Don’t send the wrong message

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Don’t send the wrong message

Controversy over the Ministry of National Defense’s allegedly intentional omission of sensitive information from its report to President Moon Jae-in is not likely to subside soon. Although a draft report specified that a total of six launchers for the Terminal High Altitude Area Defense (Thaad) missile shield were being held at a U.S. military base in South Korea, the number ended up as two in the ministry’s final briefing to the president.

After a hurried trip to Washington, Chung Eui-yong, head of the National Security Office, said the U.S. government understood our new administration’s position after he fully explained it to U.S. National Security Adviser H.R. McMaster. But Chung is remaining mum about exactly what was discussed between the two. With less than a month left before a summit between Moon and U.S. President Donald Trump, concerns are growing about the potential impact the controversy may have on the summit.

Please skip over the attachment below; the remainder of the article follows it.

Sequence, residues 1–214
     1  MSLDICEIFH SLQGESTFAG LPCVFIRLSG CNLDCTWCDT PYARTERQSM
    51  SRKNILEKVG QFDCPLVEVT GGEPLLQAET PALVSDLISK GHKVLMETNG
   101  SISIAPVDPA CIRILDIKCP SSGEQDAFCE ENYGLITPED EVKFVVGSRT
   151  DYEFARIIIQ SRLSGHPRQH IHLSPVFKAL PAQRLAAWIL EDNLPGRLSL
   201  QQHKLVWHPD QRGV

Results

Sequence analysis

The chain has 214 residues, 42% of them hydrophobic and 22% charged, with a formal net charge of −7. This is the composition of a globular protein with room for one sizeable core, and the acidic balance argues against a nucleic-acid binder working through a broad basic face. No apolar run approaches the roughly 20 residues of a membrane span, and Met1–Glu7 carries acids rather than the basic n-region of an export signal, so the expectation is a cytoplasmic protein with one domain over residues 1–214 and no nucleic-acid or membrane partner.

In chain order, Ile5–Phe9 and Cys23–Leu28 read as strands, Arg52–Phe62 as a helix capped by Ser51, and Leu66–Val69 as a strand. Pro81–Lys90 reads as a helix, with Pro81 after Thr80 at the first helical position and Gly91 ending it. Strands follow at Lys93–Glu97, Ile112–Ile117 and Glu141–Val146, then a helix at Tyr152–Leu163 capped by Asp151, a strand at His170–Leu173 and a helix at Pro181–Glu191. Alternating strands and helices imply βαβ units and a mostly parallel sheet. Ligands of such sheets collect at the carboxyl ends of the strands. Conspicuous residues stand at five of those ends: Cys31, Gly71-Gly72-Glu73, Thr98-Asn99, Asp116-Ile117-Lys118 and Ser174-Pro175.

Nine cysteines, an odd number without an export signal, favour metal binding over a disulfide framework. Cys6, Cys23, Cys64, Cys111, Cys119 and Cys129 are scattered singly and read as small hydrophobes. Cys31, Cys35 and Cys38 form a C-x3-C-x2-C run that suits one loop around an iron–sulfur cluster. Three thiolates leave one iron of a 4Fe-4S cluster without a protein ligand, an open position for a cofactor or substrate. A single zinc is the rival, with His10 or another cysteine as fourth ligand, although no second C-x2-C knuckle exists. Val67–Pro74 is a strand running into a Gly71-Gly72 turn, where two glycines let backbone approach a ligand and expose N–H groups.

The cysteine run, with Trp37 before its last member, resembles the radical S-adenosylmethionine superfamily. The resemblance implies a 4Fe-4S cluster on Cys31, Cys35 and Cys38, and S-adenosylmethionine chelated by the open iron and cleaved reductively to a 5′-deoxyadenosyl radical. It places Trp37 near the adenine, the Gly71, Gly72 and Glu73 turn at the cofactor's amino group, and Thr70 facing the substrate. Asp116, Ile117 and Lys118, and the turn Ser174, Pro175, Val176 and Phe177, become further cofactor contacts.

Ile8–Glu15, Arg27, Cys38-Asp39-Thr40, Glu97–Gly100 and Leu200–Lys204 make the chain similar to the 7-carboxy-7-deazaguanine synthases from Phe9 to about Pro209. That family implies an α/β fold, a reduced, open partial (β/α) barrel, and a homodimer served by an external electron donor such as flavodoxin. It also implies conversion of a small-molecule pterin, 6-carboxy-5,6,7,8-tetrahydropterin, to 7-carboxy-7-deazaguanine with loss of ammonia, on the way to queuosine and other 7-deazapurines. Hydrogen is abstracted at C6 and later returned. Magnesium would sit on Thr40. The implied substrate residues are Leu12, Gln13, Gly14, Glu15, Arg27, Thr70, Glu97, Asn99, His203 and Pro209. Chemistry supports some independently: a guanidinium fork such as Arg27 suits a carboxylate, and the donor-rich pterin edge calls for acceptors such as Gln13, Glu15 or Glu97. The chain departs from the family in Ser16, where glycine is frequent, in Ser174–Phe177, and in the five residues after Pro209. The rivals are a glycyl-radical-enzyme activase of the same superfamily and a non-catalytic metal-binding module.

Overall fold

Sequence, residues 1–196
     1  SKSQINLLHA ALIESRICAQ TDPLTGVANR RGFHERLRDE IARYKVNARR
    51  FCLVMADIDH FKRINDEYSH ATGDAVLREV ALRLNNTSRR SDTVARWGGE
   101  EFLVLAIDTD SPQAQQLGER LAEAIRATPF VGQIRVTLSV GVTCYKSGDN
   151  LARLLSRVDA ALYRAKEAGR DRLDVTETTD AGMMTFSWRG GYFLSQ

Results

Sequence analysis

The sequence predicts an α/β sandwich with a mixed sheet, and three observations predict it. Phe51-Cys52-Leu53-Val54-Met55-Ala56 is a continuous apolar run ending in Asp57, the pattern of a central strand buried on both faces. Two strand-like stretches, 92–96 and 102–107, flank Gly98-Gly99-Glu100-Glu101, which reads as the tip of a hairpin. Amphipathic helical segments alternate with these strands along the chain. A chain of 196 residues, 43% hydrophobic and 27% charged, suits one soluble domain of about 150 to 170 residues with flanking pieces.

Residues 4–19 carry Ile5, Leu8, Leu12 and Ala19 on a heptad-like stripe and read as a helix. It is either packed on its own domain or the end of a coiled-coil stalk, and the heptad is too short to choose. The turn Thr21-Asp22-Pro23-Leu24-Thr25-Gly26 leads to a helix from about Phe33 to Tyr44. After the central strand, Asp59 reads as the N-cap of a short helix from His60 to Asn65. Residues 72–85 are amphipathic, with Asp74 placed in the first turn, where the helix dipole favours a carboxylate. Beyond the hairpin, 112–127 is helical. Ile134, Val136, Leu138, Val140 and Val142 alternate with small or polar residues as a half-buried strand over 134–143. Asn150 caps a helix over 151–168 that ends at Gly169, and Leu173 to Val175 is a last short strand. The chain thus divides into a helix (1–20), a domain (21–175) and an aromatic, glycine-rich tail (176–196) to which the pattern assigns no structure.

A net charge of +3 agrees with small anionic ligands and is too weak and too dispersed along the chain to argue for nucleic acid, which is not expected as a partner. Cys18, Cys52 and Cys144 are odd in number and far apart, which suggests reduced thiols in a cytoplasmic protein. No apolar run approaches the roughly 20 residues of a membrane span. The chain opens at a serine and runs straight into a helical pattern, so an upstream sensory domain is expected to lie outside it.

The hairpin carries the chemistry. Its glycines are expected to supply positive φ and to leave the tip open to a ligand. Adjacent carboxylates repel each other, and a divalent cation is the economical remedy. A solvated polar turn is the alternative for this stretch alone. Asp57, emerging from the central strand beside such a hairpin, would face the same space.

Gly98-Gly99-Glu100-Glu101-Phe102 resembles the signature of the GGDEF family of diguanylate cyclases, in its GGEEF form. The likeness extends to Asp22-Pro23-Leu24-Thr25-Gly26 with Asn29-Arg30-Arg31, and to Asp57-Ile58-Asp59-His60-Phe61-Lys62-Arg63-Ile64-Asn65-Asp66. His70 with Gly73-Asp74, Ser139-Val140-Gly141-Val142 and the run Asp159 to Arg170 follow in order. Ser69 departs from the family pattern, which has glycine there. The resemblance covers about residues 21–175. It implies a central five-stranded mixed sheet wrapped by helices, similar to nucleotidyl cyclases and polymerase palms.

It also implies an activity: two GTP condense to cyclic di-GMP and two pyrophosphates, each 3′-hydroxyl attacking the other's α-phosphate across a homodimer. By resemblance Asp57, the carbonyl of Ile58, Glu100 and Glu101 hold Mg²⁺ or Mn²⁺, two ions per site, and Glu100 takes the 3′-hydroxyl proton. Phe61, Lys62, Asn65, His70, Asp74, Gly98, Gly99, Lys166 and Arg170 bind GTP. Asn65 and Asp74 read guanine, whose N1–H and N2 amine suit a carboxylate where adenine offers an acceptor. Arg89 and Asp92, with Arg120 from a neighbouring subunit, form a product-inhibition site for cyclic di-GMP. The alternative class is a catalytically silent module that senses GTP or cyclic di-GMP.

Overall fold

On Saturday, U.S. Defense Secretary James Mattis said Washington is working transparently in unison with Seoul to defend its ally from North Korea’s nuclear threats. His remarks at the Asia Security Summit in Singapore are aimed at putting the controversy to rest, but they are in fact an expression of his discomfort after watching the unexpected turn of events in South Korea as Thaad deployment has transformed into a domestic issue.

At the Shangri-La Dialogue, Defense Minister Han Min-koo also delivered President Moon’s position on the issue to Mattis by saying that the government’s effort to find the truth behind the omission is a purely domestic decision, not an attempt to overturn the previous government’s decision to deploy Thaad.

But concerns are deepening in South Korea after Moon ordered an investigation into the suspicion that the Defense Ministry concealed the placement of four additional Thaad launchers to avoid a strategic assessment of the missile shield’s environmental impact. If the site undergoes an inspection, then Thaad cannot be deployed within the year as it takes more than a year.

Seoul and Washington agreed to deploy Thaad to prepare for attacks from North Korea. As Pyongyang is expected to install nuclear warheads on its missiles soon, Thaad should be deployed within the year. The new government must recognize that Thaad exists to brace for North Korea’s nuclear attacks. It must end any unnecessary controversy as soon as possible. President Moon must not give the wrong message to Trump in a summit later this month.

JoongAng Ilbo, June 5, Page 30
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